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  1. The book does a decent job of explaining why she stays longer than she intended, and she is in contact with her kids throughout the year. But she never actually talks to Charles about the state of her marriage during this time, just writes him long, honest letters that she apparently never sends. So it's on her for not bringing up her concerns both before and during her absence. As a mom, I can't imagine leaving my kids for an entire year. The whole time I read the book, I kept thinking "Why didn't you ask your husband if you could go to a writer's retreat for a month or two, and get yourself into couple's therapy?"
  2. Yes, Lauren dated Maggie at one point, and then tried for awhile to date a cute male doctor but found it too vanilla. I think even when C and L together, there is room for plenty of conflict. Clearly, Kelsey has a problem with Liza dating the boss, I don't see Pauline totally going away, and they still need to deal with L's age externally at some point.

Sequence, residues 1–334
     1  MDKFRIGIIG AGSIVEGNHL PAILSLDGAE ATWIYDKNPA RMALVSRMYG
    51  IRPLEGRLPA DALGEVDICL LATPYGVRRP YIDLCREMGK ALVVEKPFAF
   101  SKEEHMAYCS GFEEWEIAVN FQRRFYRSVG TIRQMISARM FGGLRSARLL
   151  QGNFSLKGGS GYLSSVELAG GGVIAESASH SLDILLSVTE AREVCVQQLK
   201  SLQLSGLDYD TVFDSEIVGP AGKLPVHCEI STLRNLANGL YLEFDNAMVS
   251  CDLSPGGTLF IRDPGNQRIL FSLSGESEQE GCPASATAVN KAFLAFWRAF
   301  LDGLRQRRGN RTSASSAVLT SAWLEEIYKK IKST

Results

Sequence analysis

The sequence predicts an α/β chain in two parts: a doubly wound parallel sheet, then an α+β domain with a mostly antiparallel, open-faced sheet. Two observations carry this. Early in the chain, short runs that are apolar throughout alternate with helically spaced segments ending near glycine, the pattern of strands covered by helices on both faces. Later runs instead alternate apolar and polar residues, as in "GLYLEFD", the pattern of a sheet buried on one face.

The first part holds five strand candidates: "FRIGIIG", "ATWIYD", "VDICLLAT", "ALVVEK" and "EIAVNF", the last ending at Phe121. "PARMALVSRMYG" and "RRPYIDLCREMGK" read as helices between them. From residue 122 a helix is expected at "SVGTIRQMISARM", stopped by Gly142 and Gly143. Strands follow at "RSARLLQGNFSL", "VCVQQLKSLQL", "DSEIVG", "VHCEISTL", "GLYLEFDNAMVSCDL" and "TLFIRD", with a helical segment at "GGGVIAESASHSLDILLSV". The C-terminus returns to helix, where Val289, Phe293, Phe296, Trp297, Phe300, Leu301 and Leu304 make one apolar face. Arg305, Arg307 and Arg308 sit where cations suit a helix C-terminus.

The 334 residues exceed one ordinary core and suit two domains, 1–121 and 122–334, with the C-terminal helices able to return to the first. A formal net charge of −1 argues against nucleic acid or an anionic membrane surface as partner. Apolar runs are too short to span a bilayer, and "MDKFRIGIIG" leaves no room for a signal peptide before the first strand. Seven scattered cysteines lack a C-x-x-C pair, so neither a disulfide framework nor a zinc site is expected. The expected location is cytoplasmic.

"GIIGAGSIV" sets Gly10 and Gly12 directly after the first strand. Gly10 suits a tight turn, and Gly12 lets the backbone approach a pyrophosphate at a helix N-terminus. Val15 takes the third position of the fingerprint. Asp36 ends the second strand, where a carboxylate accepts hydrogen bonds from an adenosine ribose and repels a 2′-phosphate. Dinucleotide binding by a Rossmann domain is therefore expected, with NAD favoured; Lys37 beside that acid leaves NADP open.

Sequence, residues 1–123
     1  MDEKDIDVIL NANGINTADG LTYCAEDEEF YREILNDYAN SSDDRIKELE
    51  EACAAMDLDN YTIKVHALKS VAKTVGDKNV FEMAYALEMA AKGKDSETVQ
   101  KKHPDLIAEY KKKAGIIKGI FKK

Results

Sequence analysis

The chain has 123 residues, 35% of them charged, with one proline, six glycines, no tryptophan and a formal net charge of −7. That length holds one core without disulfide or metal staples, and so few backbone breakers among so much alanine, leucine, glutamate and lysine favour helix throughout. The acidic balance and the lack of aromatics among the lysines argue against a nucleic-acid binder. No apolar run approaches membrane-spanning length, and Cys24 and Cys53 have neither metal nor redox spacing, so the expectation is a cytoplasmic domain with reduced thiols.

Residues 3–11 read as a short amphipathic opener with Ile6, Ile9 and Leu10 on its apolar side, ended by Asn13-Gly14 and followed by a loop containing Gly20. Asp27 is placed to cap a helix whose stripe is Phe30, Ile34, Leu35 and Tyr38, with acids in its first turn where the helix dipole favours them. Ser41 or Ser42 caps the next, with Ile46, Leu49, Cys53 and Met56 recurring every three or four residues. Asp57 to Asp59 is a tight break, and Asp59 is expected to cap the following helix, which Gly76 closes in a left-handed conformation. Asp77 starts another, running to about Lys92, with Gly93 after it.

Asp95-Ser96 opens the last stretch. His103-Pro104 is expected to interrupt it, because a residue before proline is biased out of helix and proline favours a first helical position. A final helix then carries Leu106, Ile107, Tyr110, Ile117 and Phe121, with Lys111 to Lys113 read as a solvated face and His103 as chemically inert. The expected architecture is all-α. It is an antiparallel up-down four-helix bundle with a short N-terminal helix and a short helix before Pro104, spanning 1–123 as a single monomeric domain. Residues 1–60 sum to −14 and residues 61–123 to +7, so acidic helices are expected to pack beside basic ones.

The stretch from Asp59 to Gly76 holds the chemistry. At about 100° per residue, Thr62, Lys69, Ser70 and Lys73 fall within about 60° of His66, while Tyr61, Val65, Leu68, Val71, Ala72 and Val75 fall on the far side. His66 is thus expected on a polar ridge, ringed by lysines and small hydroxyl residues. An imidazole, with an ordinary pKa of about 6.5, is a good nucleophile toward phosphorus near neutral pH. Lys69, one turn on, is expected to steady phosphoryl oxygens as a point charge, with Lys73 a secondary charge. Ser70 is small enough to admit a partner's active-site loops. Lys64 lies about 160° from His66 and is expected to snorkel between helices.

3. I don't know much about the art world, but does buying the entire collections of promising artists and then locking them away make sense from an investment perspective? Wouldn't it be more practical to ensure that certain pieces were displayed or on loan to build excitement about the artist you just invested in, making their early pieces worth more?
  4. If a romance with Charles is what it takes for Liza to finally reveal her age at work, I'm all for it. In fact, if Empirical throws their support behind her, there's a great book in there that's actually perfect for the Millennial imprint. "My Life as a 26-year-old" or somesuch, in which Liza sympathizes with the plight of today's 20-somethings while dropping some feminist life knowledge. Based on all of the interest in her anonymous interview with the psychologist author, buyers of both age groups would eat that up. The show makes a huge deal about her career with Millennial being over if her age was known, but it's not like anyone bats an eye at 35-year-old editors selecting books for 15-year-olds, and she could always move to another part of the company now that her editor bona fides have been established. The contortions the show has to go through to keep the age storyline going (and Josh in the picture) are getting too pretzel-y for me.
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